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How do the XFL rules differ from the NFL?

The XFL looks to up the pace and lower the dead ball time in their new league.

The official XFL game ball for the Tampa Bay Vipers during the XFL’s Vipers Minicamp on December 16, 2019 at Plant City Stadium in Plant City,FL. Photo by Cliff Welch/Icon Sportswire via Getty Images

Now that we have to wait seven months for another NFL game, plenty of us addicts will want to see what the XFL is all about. Yes, the skill level plunges, but there is talent in the new league and plenty of interesting tweaks to the rules. Staunch NFL fans might not be too keen on big changes but there are some rules that the NFL could end up adopting if they work in the XFL and all told, they could make for a good product if we give them a chance.

The biggest changes are to help offenses and the pace of play, as the XFL wants to shorten games without sacrificing the number plays or scoring. Overall, the rules set up for a fast-paced game with teams going for it on fourth downs and field position always being better than you’d have in the NFL.

These teams won’t mesh as well as NFL teams do, as they’ve been thrown together and are learning new offenses quickly, but the rules should keep scoring opportunities high throughout the game. As you consider DFS and betting options at DraftKings, it is important to keep in mind how all of this will impact the flow of the game.

For a complete rundown of the new rulebook, check out the XFL’s lengthy breakdown. Here are some of the notable changes.

Game/Play Clock

There will be a “running game clock” outside of the last two minutes of each half. Basically, this means that if a player goes out of bounds, the clock will continue once the refs place the ball for the next play, not at the next snap.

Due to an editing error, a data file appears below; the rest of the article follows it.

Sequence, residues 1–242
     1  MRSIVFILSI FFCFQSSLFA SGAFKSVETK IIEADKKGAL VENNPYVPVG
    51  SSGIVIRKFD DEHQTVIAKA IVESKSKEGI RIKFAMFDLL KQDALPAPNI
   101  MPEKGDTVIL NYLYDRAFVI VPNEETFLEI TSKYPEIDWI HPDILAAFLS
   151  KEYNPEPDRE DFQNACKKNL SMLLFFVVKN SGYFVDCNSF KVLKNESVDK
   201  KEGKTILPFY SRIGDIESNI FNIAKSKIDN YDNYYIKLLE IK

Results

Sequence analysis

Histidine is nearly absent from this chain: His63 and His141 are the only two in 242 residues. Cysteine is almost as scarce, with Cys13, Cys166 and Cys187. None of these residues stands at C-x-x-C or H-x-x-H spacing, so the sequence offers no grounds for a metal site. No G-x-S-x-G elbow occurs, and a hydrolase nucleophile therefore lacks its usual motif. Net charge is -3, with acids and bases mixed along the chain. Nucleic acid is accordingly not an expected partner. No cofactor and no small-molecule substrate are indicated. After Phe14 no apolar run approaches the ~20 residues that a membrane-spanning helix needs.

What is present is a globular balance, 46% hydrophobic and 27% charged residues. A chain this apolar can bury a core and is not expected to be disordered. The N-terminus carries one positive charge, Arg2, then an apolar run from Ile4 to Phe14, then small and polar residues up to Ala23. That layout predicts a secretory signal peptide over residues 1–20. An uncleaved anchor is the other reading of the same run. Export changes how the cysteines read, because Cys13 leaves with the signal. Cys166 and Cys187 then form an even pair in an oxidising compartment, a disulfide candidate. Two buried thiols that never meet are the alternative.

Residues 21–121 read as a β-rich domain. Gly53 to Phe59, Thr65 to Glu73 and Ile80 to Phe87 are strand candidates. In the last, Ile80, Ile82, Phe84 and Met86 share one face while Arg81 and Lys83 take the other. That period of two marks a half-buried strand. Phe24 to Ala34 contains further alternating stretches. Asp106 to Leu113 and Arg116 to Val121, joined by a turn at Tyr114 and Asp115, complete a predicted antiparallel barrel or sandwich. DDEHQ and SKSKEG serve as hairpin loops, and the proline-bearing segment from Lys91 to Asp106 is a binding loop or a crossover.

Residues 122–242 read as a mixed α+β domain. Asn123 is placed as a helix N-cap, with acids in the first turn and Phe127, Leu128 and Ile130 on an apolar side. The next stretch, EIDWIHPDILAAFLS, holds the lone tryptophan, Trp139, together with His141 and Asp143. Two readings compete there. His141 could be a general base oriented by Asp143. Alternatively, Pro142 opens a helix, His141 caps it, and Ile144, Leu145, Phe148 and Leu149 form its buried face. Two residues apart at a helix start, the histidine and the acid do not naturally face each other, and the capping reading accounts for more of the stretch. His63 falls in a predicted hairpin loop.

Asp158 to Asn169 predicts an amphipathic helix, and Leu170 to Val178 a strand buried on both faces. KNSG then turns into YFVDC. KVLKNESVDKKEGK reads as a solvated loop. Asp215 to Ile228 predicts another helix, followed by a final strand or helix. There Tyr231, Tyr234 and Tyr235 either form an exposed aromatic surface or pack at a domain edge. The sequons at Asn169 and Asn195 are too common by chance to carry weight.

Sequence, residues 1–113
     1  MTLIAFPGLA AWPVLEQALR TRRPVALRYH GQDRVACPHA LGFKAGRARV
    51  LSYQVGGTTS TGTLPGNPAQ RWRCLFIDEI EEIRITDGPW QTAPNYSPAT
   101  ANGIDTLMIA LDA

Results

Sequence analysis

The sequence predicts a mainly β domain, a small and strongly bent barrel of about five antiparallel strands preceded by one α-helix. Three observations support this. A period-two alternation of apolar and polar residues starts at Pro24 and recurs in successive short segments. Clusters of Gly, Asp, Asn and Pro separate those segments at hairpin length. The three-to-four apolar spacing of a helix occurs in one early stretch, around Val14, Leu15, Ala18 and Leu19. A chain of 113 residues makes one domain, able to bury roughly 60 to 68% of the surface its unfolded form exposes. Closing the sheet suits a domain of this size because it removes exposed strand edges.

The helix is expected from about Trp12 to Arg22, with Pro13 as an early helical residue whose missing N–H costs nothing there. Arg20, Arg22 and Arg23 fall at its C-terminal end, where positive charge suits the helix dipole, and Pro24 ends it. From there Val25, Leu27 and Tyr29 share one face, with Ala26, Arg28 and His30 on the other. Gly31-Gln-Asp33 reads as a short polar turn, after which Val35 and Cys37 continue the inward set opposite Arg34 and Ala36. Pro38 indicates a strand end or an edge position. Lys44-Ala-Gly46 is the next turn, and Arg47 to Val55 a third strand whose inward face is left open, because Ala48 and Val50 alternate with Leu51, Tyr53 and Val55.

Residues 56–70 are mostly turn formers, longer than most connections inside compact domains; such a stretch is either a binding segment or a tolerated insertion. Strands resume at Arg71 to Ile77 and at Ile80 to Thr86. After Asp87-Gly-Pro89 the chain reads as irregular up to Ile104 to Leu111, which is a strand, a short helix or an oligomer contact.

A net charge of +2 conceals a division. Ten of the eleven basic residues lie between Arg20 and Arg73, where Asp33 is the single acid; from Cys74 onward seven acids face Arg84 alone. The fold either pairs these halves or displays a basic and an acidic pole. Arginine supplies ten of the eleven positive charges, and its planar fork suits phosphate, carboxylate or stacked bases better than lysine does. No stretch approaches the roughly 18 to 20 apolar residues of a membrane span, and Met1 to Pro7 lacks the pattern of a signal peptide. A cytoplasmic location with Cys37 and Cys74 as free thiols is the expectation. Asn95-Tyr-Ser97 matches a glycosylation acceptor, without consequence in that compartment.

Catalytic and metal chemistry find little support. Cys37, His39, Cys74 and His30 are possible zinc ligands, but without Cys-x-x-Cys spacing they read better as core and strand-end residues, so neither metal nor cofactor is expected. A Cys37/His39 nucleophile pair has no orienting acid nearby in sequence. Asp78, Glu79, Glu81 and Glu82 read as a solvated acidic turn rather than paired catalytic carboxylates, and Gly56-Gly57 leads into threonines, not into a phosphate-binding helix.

There is a 25-second play clock compared to the NFL’s 40-second play clock. This change offsets the running game clock, pushing teams to play fast.

Unlike the NFL, the XFL also has a dedicated ball-spotting official to speed up ball placement and get the 25-second play-clock started again.


There will be no extra points scored by field goals. Teams will have three options to put up 1, 2, or 3 points after their six-point touchdown.

  • 1 point: Run a play from the 2-yard line
  • 2 points: Run a play from the 5-yard line
  • 3 points: Run a play from the 10-yard line

This rule is self-explanatory, but will no-doubt help teams come from behind, as a nine-point score is possible at any time.

Comeback Period

The XFL wants to up the drama in the last two-minutes of each half by slowing the game down and giving teams the ability to comeback with little time remaining.

  • On plays that end in the field of play in the final two minutes of each half, the game clock will be stopped until the ball has been spotted and 5 seconds have run off of the 25-second play clock.
  • On incomplete passes and out of bounds plays, the game clock will stop completely until the ball is snapped; whereas normally, there is a running game clock.